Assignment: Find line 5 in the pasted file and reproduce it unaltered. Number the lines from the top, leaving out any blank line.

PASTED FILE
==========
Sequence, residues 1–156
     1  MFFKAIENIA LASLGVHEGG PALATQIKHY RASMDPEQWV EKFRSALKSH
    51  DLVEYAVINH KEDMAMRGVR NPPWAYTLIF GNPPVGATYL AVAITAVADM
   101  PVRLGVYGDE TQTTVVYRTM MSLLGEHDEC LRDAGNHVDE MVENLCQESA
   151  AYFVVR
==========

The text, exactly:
   151  AYFVVR